Despite the fact that we can't see oxygen or carbon dioxide in our air, the existence of these invisible gases is not a radical theory but a well-established science. Back in the 1800s, physicist Michael Faraday used a series of experiments involving a candle flame to show children how to reveal such otherwise invisible gases. He also demonstrated how different invisible gases behave quite differently from one another. Some fed flames, for example. Some extinguished them.
I thought about Faraday's lectures when I read this story over the weekend in the New York Times, describing a controversy that surrounds a Discovery Channel documentary about the Earth's polar regions.
According to the story, the film is full of visual evidence for melting glaciers, shrinking sea ice and threats to wildlife. And yet, there's a conspicuous absence of any mention of carbon dioxide or other greenhouse gases as probable causes:
The vast majority of scientists agree that human activities are influencing changes to the climate — especially at the poles — and believe that the situation requires serious attention. That scientific consensus is absent from "Frozen Planet," for reasons that shed light on the dilemma of commercial television, where the pursuit of ratings can sometimes clash with the quest for environmental and scientific education, particularly in issues, like global warming, that involve vociferous debate.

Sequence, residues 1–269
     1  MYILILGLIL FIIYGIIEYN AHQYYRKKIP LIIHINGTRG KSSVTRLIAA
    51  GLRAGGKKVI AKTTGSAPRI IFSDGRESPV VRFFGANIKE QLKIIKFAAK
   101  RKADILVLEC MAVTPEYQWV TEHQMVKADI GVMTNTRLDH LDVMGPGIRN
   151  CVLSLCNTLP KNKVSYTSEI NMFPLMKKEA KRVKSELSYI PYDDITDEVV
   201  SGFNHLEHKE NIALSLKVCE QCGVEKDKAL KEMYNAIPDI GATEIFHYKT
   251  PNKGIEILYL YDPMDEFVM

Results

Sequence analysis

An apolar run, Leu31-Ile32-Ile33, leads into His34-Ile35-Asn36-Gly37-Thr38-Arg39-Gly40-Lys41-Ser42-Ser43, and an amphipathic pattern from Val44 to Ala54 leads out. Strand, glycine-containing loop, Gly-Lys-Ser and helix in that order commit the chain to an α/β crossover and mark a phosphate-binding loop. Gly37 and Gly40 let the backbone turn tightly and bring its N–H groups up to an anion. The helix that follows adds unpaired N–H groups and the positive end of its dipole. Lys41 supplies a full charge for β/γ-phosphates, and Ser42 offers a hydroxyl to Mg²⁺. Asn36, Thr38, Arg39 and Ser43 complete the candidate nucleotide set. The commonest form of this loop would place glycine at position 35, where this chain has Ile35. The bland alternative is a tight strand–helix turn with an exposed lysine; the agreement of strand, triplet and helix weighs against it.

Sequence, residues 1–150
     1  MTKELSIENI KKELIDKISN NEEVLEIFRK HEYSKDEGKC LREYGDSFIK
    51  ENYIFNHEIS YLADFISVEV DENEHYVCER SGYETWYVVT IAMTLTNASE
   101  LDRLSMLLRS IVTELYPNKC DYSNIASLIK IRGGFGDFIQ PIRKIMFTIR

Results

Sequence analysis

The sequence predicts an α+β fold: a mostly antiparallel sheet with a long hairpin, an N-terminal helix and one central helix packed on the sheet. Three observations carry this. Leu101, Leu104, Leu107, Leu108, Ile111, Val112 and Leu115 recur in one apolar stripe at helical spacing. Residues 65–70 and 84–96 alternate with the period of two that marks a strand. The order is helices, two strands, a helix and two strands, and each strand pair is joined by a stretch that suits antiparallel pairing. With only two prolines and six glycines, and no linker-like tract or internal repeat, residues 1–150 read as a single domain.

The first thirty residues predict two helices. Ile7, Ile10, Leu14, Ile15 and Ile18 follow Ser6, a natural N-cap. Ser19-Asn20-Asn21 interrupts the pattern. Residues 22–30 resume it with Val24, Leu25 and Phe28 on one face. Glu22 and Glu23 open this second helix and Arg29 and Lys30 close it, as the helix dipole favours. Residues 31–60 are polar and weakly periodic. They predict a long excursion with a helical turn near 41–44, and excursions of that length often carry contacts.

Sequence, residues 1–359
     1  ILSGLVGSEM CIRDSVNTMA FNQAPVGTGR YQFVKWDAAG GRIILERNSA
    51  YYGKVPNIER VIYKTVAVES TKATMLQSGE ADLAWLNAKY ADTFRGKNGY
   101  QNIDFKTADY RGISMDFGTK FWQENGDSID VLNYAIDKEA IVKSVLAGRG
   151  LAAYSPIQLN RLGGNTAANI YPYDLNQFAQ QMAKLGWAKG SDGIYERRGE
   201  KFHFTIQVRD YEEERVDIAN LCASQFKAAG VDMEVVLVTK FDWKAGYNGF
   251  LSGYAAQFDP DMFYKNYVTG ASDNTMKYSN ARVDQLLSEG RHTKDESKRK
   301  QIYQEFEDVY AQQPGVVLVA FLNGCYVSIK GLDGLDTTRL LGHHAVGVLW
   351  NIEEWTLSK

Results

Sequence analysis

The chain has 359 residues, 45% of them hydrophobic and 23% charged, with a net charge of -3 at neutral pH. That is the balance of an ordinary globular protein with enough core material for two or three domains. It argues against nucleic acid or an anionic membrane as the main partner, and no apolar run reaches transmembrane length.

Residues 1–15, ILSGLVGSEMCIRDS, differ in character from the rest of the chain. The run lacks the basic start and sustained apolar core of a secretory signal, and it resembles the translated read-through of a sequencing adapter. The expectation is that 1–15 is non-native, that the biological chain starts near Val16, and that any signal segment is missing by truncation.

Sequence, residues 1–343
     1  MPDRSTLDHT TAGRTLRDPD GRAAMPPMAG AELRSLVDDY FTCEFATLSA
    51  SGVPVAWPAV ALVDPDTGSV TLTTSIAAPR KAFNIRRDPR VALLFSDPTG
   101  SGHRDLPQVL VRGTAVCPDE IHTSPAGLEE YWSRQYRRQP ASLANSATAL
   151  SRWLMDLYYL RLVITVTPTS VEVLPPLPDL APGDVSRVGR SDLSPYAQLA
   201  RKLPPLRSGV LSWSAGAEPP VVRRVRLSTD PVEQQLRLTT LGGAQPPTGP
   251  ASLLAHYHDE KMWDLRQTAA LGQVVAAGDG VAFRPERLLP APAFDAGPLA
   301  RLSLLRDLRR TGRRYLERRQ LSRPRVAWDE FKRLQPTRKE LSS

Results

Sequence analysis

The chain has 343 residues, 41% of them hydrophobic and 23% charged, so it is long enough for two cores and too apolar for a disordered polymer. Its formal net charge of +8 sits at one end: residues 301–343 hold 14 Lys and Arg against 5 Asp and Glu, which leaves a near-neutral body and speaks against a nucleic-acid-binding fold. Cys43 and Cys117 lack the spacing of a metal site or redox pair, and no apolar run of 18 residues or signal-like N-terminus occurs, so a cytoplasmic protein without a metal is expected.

Including the scientific theories "would have undermined the strength of an objective documentary, and would then have become utilized by people with political agendas," Vanessa Berlowitz, the series producer, said in an interview.
She added, "I feel that we're trying to educate mass audiences and get children involved, and we didn't want people saying 'Don't watch this show because it has a slant on climate change.' "
All this emphasis on consensus obscures the fact that there's some very basic physics and chemistry that could help people understand why scientists are worried about carbon dioxide.
Is the physics of gases now an ideology? Is it a now a political statement to explain the way carbon dioxide interacts with thermal infrared radiation? I can see why the makers of this documentary don't want to get too preachy. I can see why they don't want to bore children with a big nerdy science lecture either. But among other things, Michael Faraday showed it's possible to make science engaging to kids and adults.